As in all programs at Shipley, a strong foundation allows the student to achieve greater successes moving through Middle and Upper Schools.
Critical Stages in Leadership Development
Fifth graders leave Lower School feeling empowered and enter Middle School eager to learn more. Shipley’s Middle School faculty cultivates this energy into inspiring students to grow as leaders and build on the foundational traits learned in Lower School. The Middle School years, developmentally, prove to be tough for adolescents, but Shipley’s flexibility in curriculum accommodates the perfect opportunity to teach respect, responsibility, and leadership.
“Middle school is a place where students are going through an enormous amount of development that does not focus on the curriculum being taught in your standard academic subjects,” explains Stu Malcolm, Assistant Head of Middle School. “Schools that ignore the need to focus on respect, responsibility, and leadership are missing out on one of the essential things that needs to be accomplished in this time period.”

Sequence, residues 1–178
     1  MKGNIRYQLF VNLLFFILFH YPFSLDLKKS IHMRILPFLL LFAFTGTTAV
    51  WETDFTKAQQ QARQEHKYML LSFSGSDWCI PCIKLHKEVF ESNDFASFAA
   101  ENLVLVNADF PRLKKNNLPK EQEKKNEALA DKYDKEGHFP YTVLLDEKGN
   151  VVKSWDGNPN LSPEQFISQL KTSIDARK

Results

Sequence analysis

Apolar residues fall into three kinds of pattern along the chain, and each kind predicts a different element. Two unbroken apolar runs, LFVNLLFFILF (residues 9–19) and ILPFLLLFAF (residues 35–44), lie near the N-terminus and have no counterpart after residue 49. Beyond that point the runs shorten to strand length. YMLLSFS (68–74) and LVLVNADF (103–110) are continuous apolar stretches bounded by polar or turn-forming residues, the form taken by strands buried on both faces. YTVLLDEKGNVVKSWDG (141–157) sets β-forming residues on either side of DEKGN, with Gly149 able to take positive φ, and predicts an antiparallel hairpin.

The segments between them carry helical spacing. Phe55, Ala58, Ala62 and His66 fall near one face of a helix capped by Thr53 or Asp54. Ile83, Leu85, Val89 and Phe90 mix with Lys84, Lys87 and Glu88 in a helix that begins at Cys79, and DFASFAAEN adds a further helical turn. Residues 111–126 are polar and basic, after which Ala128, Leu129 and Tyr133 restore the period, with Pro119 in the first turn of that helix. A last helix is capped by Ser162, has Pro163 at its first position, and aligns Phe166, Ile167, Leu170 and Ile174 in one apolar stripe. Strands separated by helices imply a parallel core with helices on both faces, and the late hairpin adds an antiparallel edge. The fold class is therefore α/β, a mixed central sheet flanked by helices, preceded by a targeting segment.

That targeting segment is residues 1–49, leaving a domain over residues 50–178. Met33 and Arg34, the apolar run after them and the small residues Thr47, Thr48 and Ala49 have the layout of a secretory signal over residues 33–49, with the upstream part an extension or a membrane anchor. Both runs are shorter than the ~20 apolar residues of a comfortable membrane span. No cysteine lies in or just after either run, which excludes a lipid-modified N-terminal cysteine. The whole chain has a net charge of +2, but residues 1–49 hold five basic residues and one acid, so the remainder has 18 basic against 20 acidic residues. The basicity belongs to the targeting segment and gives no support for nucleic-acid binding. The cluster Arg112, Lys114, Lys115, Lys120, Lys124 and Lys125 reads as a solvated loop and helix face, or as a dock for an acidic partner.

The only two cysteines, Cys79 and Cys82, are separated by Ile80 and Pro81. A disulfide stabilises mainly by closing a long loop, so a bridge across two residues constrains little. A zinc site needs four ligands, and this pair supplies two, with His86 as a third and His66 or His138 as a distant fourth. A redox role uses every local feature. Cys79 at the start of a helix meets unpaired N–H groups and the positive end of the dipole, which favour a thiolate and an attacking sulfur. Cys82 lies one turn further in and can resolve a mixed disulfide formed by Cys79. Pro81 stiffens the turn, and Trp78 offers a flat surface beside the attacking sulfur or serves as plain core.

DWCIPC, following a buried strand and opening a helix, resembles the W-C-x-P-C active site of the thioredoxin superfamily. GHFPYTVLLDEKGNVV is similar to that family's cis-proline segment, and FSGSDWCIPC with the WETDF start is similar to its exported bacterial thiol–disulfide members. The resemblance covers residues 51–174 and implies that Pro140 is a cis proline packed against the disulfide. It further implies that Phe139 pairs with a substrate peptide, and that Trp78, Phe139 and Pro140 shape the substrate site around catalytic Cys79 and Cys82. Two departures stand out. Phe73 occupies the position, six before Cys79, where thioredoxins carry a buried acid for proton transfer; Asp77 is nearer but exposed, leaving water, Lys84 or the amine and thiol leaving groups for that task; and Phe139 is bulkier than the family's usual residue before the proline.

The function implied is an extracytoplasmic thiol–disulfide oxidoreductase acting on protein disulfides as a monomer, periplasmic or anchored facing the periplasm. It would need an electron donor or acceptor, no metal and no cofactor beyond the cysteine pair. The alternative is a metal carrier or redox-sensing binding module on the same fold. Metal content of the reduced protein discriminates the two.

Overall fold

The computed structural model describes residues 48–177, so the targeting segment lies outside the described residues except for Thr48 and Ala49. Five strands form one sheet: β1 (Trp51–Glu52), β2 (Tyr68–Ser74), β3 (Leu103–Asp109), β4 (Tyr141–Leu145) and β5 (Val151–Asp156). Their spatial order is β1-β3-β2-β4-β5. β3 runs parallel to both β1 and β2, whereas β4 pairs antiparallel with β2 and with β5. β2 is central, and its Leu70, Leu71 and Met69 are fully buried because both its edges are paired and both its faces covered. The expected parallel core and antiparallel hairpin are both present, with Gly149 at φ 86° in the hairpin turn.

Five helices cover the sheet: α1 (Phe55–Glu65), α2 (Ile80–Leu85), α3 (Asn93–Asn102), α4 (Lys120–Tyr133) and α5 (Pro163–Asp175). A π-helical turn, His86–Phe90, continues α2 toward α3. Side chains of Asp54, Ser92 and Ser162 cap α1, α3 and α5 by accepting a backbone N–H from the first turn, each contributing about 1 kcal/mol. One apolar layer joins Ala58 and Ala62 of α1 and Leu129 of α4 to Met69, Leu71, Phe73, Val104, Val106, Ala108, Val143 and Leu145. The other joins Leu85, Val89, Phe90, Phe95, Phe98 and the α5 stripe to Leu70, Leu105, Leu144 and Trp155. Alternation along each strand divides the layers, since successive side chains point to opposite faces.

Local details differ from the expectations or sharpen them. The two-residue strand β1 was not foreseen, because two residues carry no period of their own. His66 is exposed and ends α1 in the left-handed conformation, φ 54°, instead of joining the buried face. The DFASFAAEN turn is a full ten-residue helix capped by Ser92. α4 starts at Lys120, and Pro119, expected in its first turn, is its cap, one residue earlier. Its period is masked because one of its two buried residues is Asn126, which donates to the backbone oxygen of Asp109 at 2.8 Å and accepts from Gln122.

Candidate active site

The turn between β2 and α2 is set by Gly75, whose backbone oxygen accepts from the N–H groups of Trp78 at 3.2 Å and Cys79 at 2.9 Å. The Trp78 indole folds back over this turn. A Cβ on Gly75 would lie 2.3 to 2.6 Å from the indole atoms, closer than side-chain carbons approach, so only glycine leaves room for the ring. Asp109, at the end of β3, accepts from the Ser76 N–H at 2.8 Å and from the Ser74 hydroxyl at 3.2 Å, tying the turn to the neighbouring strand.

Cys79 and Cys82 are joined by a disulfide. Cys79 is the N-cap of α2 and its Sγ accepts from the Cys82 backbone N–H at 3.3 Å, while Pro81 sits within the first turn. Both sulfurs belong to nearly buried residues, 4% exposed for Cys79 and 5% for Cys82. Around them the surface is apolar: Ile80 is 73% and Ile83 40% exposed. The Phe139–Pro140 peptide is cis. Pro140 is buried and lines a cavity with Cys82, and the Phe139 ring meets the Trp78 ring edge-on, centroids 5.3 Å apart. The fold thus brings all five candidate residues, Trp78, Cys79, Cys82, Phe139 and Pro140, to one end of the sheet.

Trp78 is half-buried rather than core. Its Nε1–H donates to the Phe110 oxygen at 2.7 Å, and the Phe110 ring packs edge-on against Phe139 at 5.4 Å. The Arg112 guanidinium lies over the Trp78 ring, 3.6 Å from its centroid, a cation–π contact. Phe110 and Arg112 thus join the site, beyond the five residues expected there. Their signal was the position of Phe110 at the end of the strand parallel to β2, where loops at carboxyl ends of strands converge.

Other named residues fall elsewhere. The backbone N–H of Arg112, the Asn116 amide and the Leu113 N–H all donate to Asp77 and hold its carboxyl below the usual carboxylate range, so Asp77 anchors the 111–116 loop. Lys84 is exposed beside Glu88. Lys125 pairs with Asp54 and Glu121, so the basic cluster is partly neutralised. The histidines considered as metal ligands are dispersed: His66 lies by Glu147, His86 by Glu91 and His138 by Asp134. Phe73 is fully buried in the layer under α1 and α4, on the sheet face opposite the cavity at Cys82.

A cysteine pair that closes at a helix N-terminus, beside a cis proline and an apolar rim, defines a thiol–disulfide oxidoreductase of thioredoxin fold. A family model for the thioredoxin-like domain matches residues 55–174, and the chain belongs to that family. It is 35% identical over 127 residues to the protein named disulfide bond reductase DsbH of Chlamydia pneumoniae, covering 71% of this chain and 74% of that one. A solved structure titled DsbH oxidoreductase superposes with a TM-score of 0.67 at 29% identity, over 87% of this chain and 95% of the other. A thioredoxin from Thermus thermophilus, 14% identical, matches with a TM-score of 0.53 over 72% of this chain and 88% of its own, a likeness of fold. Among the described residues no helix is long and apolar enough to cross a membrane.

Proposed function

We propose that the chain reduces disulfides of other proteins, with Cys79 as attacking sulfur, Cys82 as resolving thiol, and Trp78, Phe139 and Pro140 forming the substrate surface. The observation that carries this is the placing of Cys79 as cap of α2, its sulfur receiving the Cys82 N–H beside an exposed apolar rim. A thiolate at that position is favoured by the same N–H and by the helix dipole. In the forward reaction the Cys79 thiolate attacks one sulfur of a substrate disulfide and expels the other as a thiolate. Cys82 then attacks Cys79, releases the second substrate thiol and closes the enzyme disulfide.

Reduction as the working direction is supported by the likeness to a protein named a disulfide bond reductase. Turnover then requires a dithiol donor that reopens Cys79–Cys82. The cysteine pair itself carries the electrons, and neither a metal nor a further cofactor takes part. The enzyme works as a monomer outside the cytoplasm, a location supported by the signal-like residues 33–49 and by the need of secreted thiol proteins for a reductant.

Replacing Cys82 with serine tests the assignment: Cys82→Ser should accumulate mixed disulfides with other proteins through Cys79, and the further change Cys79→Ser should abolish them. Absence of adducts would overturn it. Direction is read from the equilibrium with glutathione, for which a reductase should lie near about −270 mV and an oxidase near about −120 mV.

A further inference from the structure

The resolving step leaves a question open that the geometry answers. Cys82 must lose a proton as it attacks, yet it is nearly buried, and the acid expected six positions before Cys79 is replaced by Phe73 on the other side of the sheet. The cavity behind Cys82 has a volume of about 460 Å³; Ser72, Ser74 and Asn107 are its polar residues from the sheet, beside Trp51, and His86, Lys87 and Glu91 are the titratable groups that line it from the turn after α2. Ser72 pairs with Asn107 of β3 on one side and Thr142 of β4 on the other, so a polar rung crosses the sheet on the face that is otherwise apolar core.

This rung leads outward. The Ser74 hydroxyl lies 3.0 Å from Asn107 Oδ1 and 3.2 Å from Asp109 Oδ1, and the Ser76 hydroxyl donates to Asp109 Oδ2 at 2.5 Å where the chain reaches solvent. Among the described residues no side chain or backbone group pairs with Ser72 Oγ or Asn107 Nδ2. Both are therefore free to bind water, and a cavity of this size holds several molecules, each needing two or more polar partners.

Practice, Practice, Practice
Shipley’s Middle School supports the development of the students into leaders through an elected council and leadership course.
The Middle School Student Council, a group of elected sixth, seventh, and eighth graders, demonstrates a great ability to lead by listening to and engaging the student body to share their ideas. Each council member speaks in front of the entire Middle School student body about the new initiatives happening in the School.
“Our students are constantly encouraged to strive for the ideas and visions they come up with,” says Malcolm. “It’s a great opportunity to practice being leaders.”
Shipley’s eighth grade Social, Emotional, and Ethical Development (SEED) course solely focuses on leadership. Similar to the fifth grade TCA project, the course is designed to identify the characteristics of great leaders and support students through the trials and errors of creating, planning, and executing a service project with the support of their peers.
“By emphasizing the ability to work well in groups and with difficult personalities, to have confidence, and to realize that in challenging circumstances you have to have enough calm and sense to approach it with balance, we are getting them ready for success as an adult,” explains Malcolm.
Moving On To Upper School